The highly anticipated New York trip came and went. This was for the moot court ABA national competition. At BYU, four oralists and two brief writers qualify for the BYU national team during their second year to compete at the national competition for their third year. So I've been anticipating this competition for some time now. And it finally came last Wednesday.
Our travel group of six boarded a plane for JFK. Memorable moments on the flight: my teammate Annie flossed with a string she found in her clothing because "it was an emergency" and then insisted on showing me everything she was able to pull out of her teeth as if to justify her questionable public-clothes-flossing decision. At JFK we climbed into sketchy black automobiles and asked strangers to drive us to Brooklyn in the middle of the night; one of the drivers, for reasons we still don't know, at one point put the car in reverse on a quiet street and drove at full speed for what seemed to be 30 or 40 minutes, only to put the car back into drive and cover the distance he had just back-tracked.
Annie was my oralist partner and Jon was our official brief writer/bailiff. Sometime on Thursday Annie and I discovered that Jon would make an amazing life out of being an assistant of some sort because for the next three days, neither of us made a single decision for ourselves (and when we finally did on Sunday, disaster. Details to come). So Jon practiced our arguments with us, told us where to go, answered affirmatively just as we requested each time we asked whether we looked like we fit our team name ("Team Sexy"), etc. On Thursday night we argued in our first round and did very well, beating the team we went up against by a pretty big margin, and getting the highest scores of anyone judged by our set of judges. We were on our way. Moot court competitions are about appellate advocacy so the way the rounds work is there is a panel of judges who pester us with difficult questions for 15 minutes at a time while we try to argue our case. As you can imagine, this can be an incredibly intimidating (but totally fun, in the same way that marathon running is fun) experience.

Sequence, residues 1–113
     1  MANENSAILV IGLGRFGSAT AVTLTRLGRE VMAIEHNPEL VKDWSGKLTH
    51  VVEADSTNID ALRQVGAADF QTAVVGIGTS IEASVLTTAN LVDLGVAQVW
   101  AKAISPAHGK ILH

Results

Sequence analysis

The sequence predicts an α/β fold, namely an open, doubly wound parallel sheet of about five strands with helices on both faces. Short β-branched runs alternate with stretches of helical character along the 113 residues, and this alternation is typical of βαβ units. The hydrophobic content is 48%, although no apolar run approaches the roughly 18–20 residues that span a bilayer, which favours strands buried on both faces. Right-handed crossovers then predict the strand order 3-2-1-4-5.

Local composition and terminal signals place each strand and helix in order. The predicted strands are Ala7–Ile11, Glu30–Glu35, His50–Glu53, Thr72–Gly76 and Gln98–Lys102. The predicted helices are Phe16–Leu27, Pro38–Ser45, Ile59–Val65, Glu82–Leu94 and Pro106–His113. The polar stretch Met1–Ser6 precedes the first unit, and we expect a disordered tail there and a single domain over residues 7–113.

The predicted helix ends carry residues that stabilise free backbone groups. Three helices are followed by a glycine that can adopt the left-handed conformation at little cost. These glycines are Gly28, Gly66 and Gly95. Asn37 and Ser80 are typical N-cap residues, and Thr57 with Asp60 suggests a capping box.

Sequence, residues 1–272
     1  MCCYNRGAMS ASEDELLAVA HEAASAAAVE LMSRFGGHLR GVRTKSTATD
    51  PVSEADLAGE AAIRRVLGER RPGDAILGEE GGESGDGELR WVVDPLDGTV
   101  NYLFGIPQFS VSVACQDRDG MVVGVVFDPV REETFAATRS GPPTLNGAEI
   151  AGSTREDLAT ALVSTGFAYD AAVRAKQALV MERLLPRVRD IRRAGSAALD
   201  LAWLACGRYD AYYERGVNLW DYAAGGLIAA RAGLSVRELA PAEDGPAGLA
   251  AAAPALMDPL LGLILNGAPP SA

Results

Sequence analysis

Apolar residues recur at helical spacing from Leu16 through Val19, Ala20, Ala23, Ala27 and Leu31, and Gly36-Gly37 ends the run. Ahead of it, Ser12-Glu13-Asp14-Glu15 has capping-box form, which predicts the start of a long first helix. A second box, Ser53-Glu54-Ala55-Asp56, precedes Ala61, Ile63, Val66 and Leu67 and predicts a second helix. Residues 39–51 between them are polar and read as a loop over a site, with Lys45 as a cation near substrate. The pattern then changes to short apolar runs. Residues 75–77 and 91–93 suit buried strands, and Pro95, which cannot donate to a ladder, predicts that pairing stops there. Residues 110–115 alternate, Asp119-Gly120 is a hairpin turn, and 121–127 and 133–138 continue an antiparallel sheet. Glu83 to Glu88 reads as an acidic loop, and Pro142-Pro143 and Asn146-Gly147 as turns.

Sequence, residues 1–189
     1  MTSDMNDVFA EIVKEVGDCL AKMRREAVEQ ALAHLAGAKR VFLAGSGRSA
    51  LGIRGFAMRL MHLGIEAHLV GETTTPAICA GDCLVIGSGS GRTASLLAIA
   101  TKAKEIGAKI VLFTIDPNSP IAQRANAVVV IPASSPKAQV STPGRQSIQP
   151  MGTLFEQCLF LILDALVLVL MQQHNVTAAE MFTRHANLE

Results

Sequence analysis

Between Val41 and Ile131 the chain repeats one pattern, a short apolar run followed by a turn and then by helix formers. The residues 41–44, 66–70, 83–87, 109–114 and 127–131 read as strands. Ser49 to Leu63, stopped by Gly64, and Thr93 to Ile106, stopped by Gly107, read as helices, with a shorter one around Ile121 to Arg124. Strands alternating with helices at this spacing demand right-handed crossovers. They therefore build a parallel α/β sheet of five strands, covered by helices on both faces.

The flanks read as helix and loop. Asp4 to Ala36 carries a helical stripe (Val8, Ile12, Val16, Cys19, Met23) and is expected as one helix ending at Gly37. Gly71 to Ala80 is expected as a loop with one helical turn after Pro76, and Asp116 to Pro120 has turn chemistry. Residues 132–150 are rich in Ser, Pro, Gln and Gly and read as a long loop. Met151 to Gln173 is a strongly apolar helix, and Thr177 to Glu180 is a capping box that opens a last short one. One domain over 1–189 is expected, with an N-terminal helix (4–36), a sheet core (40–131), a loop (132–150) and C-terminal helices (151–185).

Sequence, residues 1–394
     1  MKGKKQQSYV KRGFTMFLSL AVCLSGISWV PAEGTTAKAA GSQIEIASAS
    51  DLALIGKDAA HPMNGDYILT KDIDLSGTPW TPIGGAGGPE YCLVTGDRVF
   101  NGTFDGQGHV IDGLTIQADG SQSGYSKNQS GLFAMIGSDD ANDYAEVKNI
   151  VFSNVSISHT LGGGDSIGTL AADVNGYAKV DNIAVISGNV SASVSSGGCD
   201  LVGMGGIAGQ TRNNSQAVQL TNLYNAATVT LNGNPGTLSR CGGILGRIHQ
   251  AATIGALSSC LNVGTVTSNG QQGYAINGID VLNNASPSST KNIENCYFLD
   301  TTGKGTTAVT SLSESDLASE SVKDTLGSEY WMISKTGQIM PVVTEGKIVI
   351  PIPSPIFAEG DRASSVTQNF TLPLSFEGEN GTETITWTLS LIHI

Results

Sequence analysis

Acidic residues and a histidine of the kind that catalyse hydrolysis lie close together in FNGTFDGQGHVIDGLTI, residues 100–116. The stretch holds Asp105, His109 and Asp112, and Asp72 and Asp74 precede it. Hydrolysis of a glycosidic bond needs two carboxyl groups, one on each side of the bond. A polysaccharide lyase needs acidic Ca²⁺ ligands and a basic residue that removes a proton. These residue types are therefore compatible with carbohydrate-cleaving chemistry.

More of the same: reading, practicing our arguments, having Jon tell us exactly what to do and where to go. About an hour before it was time to leave for the courthouse we also started our "beautification" process (named by Annie) in which we beautified to the best of our abilities. My beautification process was a lot simpler than Annie's. Nonetheless, I foolishly complained about it and said I was grateful I didn't have to do it very often, after which I was "informed" (in a voice that most people use to scold) that life is not fair because apparently my female friends are required by law to participate in beautification every single day of their lives. Who knew.
Our Friday night round went as well as the Thursday night round, and after it was over we were seeded 5th out of 39 teams based on our team scores.
Another round in the morning. Another victory. We were getting exhausted by this point but having the time of our lives. Eventually on Saturday we were beat out in a very disappointing and shocking tie-breaker in semi-finals. Depression ensued. We stuck around for the end of the competition when all of the final results would be announced. Somewhere between 90 and 100 individuals argued in the competition and they gave out awards for the top ten individual oralists. I knew my scores were decent and I was hoping to end up in the top ten but thought it would be close. They started announcing the top ten and by the time they got to six, I was sure I hadn't made it. But, alas, I was third. Third! While I think Annie and I should have won the stupid thing, and I was quite sad we didn't, I couldn't be too sad about finishing third overall.
On Saturday night, we hit the city (along with all 7 billion other people on the planet (which means that you, too, were there that night)), wandered like zombies, and ate everything in sight.